With the horizontal stack, I did notice enough gain to make a difference, particularly without the amp in place. However, multipath interference (I assume) that was introduced into the system by this setup negated the benefits of the increased gain. Sure, I was able to tune a few extra channels, but the antenna was so picky, I could only channel surf with someone on the roof to make adjustments, and the additional channels I picked up weren't worth losing a steady picture on the others.

I'd still love to do some experimentation with additional iterations of the 1+3x configuration, but for practicality's sake, I'm satisfied with the classic.

I'll be sure to post pics when I get the 4-bay put back together. It's come a long way, and I'll definitely need some input. Particularly, I'm using 4 horizontal pieces of emt for stability. These pieces run in an odd pattern behind the antenna, but about an inch in front of the curved reflector. My thought is that there isn't enough there to cause a problem, but I wonder what I'll actually find to be the case.
post #3984 of 4789
I recently built the 4-bay, 9" whiskers with 8 1/2" spacing antenna based on mclapp's design and it works very well for me.
I'm in the Houston suburbs (77346 zip code), and luckily all my major towers are located in the same spot, so once I aim the antenna properly, I'm good to go.
The major networks are both in the UHF range (NBC, FOX, CW, MyTV) and Hi-VHF (ABC, CBS, PBS), so mclapp's antenna, based on the simulation tests was a good choice.
I built it without a reflector, and installed it on my fence, about 7 to 8 feet high and pretty much got all the UHF stations showing 100% strength on my DISH vip722 box.The Hi-VHF stations were in the 75-85% range, but unfortunately, I'd get occasional breakups (down to 0% )
I was planning on getting some material to put a reflector to see if that would help a bit, but a funny thing happened. My coax was only loosely running on the ground out to the grounding block since I wasn't sure whether this would become a permanent installation, so I decided to tidy it up a bit. All of a sudden, I was also getting 100% strength on the Hi-VHF channels with no breakup
I played a bit with the cable location to see how it affected the Hi-VHF signal, but I'm not sure if I figured it out. I can move the cable a bit at the anntenna, and have the strength back down to the 75% range, and then move it just right again to get back to 100%.

Is this due to the position of the balun, in relation to the phase lines? Is there a best position for it? I seem to get 100% when the balun is a little bit away from the antenna, and seem to get the signal degradation if I have it lay flat.
Or is this due to the 75 ohm coax itself? This only affects the Hi-VHF stations, the UHF ones remain rock solid regardless.

Any best practices for installing the balun and running the cable? Should it affect it that much, or do I have a bad cable?

Thanks for the help, and special shout-out to Mclapp for an AWESOME design!

CFC
post #3985 of 4789
objects near an antenna can affect its performance, metal objects to a greater degree. you can have both beneficial and diminishing effects. you need to find what works for your particular situation.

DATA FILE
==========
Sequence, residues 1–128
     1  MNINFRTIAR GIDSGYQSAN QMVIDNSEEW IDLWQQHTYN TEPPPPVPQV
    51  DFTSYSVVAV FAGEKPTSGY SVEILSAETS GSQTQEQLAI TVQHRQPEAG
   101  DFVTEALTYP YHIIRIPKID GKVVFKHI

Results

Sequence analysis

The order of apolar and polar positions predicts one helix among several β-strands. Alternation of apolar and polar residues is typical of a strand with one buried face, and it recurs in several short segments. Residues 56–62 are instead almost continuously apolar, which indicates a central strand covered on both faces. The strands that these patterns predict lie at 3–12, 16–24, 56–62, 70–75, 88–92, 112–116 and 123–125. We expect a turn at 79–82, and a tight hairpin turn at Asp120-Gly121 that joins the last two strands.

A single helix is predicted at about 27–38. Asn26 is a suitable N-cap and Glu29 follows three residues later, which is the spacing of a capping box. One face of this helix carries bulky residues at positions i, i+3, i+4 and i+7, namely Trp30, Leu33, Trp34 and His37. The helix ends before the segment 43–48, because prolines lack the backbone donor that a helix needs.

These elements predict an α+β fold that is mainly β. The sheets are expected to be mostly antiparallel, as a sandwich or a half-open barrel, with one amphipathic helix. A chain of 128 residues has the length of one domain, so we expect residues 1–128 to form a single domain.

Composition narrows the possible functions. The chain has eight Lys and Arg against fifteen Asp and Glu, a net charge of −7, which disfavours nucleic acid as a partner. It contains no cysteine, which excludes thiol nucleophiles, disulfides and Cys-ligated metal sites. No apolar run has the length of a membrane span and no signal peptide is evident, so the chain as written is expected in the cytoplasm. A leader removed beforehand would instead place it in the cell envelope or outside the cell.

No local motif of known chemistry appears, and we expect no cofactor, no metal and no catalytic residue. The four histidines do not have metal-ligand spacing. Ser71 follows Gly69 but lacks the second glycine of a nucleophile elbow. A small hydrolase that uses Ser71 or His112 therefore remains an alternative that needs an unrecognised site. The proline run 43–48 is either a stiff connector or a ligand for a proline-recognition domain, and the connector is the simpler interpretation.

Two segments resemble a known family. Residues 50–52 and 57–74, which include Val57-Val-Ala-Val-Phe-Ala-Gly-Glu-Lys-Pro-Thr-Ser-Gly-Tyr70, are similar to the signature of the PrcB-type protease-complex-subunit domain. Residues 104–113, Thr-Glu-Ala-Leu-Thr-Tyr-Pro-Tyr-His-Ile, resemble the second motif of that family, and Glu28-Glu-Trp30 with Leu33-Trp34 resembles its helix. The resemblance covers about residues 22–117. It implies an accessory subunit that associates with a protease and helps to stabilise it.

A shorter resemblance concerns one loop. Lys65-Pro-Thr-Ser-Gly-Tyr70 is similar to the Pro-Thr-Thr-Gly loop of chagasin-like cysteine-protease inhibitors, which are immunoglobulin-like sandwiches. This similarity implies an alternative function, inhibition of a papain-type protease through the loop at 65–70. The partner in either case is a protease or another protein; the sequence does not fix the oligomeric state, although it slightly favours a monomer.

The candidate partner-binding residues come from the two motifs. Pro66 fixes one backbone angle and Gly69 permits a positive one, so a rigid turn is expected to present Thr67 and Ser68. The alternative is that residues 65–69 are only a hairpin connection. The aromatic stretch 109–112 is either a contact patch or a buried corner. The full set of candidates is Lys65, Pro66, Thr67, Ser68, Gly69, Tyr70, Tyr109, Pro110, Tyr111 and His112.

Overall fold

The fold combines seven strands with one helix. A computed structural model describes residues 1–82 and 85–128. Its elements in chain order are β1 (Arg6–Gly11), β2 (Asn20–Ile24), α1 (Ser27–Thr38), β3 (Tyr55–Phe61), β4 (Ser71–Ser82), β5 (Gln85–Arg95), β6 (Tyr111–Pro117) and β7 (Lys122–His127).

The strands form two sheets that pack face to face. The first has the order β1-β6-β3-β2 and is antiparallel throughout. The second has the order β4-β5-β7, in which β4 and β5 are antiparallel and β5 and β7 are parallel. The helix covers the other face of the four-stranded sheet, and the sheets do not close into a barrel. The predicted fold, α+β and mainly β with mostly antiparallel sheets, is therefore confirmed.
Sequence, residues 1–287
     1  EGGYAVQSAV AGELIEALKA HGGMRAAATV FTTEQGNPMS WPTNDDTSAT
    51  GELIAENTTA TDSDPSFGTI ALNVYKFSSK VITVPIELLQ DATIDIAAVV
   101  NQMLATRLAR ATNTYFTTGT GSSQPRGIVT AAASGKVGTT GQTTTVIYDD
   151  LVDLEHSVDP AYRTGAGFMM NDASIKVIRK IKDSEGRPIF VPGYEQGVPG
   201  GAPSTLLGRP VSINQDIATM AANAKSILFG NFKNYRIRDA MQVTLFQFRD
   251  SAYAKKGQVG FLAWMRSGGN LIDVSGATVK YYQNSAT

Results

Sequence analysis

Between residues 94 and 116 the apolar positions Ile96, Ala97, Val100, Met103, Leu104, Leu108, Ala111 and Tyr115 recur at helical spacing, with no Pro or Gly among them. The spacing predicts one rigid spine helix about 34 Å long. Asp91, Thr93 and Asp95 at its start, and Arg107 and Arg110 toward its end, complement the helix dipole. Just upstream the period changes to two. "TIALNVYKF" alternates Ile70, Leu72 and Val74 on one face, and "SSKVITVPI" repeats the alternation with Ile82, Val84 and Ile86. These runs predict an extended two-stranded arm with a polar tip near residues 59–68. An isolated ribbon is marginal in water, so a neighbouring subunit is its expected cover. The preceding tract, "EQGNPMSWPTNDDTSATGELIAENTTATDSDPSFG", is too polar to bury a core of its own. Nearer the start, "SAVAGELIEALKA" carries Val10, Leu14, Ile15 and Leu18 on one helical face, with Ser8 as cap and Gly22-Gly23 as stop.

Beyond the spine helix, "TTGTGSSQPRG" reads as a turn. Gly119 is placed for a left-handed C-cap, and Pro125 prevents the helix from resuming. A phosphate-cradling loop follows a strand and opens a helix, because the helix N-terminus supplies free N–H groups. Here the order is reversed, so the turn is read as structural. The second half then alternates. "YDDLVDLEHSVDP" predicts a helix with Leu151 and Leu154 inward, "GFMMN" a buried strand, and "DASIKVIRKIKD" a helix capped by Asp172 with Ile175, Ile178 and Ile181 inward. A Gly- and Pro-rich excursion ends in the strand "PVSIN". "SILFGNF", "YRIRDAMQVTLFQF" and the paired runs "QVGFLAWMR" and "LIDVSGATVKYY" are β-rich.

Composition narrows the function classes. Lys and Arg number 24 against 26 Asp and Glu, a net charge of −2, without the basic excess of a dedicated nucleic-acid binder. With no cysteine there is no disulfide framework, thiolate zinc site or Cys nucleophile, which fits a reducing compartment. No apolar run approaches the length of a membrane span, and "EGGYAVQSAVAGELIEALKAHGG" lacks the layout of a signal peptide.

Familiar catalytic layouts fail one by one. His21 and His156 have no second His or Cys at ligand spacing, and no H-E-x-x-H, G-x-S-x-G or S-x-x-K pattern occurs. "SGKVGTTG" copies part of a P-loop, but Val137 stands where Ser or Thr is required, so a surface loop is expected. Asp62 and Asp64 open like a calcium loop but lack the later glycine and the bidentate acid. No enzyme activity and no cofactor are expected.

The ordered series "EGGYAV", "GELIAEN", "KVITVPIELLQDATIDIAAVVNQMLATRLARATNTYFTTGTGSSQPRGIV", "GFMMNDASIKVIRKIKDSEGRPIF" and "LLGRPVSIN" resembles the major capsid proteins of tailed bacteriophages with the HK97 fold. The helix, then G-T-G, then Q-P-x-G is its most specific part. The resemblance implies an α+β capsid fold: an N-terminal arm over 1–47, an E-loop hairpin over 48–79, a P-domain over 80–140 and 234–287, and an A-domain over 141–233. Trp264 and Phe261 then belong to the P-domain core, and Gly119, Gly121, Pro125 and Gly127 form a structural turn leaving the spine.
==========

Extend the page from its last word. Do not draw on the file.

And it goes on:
sometimes the cable positioning is dictated by physical constraints of where it can be secured. the least effect may be routing the cable as directly away from the antenna as possible and at a right angle to the antenna elements, though you are constrained by where you can secure it.
post #3986 of 4789
Just your touching the balun or getting near the phase lines and elements can change the antenna systems impedance.
That type of antenna is very touchy on VHF-hi the impedances swing a lot with in a few channels so it won't take much to make a change. I guess as already suggested place the balun where it works best for you.

Your pixelation could be from noise and not loss of signal strength, VHF-hi is very sensitive to man made noise like car or lawn mower ignitions, exessive power line noise and other stuff. Of course the stronger the signal the less likely the noise will bother it.
post #3987 of 4789
Thanks, I'll clean up the wiring and shorten my coax run for a permanent installation and arrange it in such a way I get the best signal to the house.

Mclapp: you really should put your website address in you signature line or something I can't stress how much I appreciated the info you got in there.

I appreciate the help,
CFC
post #3988 of 4789
Quote:
Originally Posted by CFC View Post

I recently built the 4-bay, 9" whiskers with 8 1/2" spacing antenna based on mclapp's design and it works very well for me.

Bad link with one extra http; should be:
http://m4antenna.eastmasonvilleweather.com/
post #3989 of 4789
Quote:
Originally Posted by rabbit73 View Post

Bad link with one extra http; should be:
http://m4antenna.eastmasonvilleweather.com/

Thanks ... fixed it

CFC
post #3990 of 4789
Quote:
Originally Posted by CFC View Post

Mclapp: you really should put your website address in you signature line or something I can't stress how much I appreciated the info you got in there.

I appreciate the help,
CFC

I hesitate to do that since there is stuff that people can purchase there along with the info. The stuff for sale could be a violation of this forum so I stay away from pointing to the site except for certain informational pages that may apply to a discussion.